Can a medical condition complicate a car accident injury claim?

If any of the victims of this crash elect to file an insurance claim against the at-fault driver’s insurance company, they may face a confusing legal battle.

In some cases, a sudden medical emergency on the part of the at-fault driver may absolve them of financial liability for damages. However, cases involving successful defenses for sudden medical emergencies usually require the driver to be fully unconscious due to unforeseen circumstances.

Cases involving intentional injuries to other people are also not covered by third-party liability insurance in many circumstances. This is because insurance policies on cars and other vehicles often cover negligence, but not intentional torts. In this case, authorities are not yet aware of whether the at-fault driver intended to harm other people, or whether she did not understand what she was doing at the time of the crashes.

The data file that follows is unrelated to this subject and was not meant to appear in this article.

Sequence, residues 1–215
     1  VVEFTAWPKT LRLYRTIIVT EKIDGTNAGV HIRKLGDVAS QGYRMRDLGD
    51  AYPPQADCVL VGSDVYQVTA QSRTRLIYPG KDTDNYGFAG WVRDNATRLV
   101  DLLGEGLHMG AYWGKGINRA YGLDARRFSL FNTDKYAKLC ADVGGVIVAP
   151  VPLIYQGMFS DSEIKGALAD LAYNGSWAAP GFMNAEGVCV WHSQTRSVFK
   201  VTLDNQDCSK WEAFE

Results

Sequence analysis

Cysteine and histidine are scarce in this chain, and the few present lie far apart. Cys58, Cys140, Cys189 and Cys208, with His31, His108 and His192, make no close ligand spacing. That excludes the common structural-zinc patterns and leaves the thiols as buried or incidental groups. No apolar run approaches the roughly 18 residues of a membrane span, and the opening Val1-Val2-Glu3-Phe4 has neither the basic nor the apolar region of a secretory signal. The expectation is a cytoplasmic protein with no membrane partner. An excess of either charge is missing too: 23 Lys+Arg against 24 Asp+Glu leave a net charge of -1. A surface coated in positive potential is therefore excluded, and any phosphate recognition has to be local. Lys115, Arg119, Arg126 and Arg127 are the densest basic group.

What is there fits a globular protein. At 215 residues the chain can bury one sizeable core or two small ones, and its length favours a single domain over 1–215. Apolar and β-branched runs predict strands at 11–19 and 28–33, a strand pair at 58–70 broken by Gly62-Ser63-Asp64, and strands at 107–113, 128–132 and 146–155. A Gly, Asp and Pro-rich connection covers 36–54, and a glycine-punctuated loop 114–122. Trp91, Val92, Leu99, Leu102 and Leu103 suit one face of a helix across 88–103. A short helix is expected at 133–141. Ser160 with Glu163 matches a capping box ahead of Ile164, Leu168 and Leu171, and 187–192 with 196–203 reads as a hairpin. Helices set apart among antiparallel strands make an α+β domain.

If the driver who was at fault for the collisions was indeed suffering from a psychotic episode, and if an organization such as a government agency was aware that she was prone to these episodes and failed to properly supervise her, the injured victims might be able to file a claim against the agency that could have prevented the crash if they had supervised her properly.

Insurance claims involving so many vehicles and so many complicated legal issues can be difficult to navigate alone. In circumstances like these, it is often a good idea to work with an experienced team of car accident attorneys in order to recover compensation for time off work, medical bills, and other damages caused in a car wreck.

Chris Davis
Award-winning personal injury attorney and founder of Davis Law Group, P.S. in Seattle, Washington.